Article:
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May 2024

Grain market review: Rice


KANSAS CITY, MISSOURI, US –World rice prices have softened in recent weeks as harvesting progresses in some of the major exporting countries. The exception is the United States, but its stable levels raise fears for its international competitiveness.

The Economic Research Service (ERS) of the US Department of Agriculture said in its Rice Outlook Report on April 15 that “over the past month, quotes for trading prices for most grades of regular (neither parboiled nor aromatic) whole grain milled rice from Thailand decreased 6% to 7%, mostly due to the weakening of the Thai baht and the beginning of the dry-season crop entering the export market.”

“For the week ending April 9, Thailand’s 100% Grade B long-grain milled rice for export was quoted at $590 per tonne, down $43 from the week ending March 5 and the lowest since mid-November,” the ERS added, but noted that “despite the recent declines, Thailand’s rice trading prices continue to be supported by India’s export bans and restrictions.”

Price quotes for 5% brokens from Vietnam for the week ended April 9 also declined, dropping $10 per tonne from the month ended March 5 to $585 per tonne, with the harvest of its winter-spring crop well advanced, the ERS said.

“The fully irrigated winter-spring crop is Vietnam’s largest rice crop and accounts for the bulk of its rice exports,” the ERS said.

Prices for rice from Pakistan fell, as a bumper crop has more than offset record global demand, the ERS said. With harvests well underway, prices in Argentina, Brazil, Paraguay and Uruguay declined over the previous month.

The United Nations Food and Agriculture Organization (FAO) reported in its Rice Price Update of April 4 that overall world rice prices were 1.7% lower in March 2024 than in February 2024. Prices were at an eight-month low, but still 14% higher than in March 2023, largely due to persistently strong Indica prices, the Rome, Italy-based FAO said.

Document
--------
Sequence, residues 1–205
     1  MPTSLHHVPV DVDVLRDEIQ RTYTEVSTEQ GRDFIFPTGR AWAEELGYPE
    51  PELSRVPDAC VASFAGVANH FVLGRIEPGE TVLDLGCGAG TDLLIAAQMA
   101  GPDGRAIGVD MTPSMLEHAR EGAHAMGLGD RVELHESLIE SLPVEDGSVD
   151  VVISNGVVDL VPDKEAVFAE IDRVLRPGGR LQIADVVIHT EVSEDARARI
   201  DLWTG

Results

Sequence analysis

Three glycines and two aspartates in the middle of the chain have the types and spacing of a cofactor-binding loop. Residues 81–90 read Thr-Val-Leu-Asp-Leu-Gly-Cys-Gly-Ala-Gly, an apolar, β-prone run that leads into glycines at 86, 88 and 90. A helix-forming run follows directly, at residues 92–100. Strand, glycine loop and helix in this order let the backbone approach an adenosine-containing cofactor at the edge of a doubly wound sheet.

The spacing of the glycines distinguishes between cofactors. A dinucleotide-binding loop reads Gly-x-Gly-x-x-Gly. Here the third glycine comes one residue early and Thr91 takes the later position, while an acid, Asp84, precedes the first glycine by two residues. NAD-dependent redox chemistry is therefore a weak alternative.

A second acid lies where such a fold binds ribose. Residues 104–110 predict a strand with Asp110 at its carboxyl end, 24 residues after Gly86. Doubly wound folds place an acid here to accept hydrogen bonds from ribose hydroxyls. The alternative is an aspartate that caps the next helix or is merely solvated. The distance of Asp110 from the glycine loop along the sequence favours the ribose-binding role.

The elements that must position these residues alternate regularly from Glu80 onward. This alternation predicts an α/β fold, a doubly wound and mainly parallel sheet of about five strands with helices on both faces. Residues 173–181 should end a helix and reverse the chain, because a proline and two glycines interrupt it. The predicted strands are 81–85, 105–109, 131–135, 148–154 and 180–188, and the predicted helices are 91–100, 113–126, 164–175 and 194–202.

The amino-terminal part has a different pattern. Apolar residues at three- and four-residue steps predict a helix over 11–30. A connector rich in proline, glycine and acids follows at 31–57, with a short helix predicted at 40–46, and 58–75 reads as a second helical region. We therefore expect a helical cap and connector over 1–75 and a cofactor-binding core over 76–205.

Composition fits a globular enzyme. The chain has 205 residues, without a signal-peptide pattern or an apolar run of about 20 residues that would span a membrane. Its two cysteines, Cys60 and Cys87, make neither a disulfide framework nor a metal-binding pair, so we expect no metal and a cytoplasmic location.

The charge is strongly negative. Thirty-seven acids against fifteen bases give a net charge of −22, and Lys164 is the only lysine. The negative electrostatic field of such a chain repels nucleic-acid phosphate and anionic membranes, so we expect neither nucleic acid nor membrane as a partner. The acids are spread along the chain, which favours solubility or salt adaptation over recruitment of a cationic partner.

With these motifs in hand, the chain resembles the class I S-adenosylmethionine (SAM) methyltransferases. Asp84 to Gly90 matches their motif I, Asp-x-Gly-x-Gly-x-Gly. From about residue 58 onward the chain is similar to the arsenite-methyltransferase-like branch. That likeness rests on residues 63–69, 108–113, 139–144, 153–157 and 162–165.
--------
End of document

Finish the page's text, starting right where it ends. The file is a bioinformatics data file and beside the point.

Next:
Despite a 1.6% monthly fall in March, Indica quotations remained 22.9% above their level in March 2023, the FAO said.

“Prices in other market segments have been less bullish, as has been the case of Glutinous prices, or have seen fairly consistent falls over the past seven months that have placed them below year-earlier values,” the FAO said. “This has been most notably the case of Japonica values, which following a 5% monthly fall in March stood 28.3% below their year-earlier level and at their lowest since September 2021.”

The market undertone remained soft in Asia during March, as although Indonesia remained in the market for supplies, demand proved otherwise insufficient to offset supply-side pressure, the FAO reported.

“This was most evident in Vietnam, where quotations slipped 5% below February levels as the winter-spring harvest peaked and the dong eased vis-à-vis the US dollar,” the FAO said.

“In the absence of substantial orders, imminent or ongoing offseason harvests also weighed on sentiment in Thailand and India, as did price trends in other origins in Pakistan,” the FAO said. “In India, the mild fall in parboiled values that was registered was notwithstanding emerging questions surrounding the calculation of the 20% export tax levied on parboiled rice since August 2023, which would have reportedly led some traders to adjust prices upward to protect their margins.”

In its April 12 Rice Advocate publication, the US Rice Producers Association said that “with harvest in Argentina over 65% complete, Uruguay more than halfway, Paraguay nearly complete, and heavyweight Brazil closing in on completion, US long grain is officially more expensive than these southern counterparts. Despite this, the market is still firm and looks positive.” QR Code

Published Date: April 19, 2024

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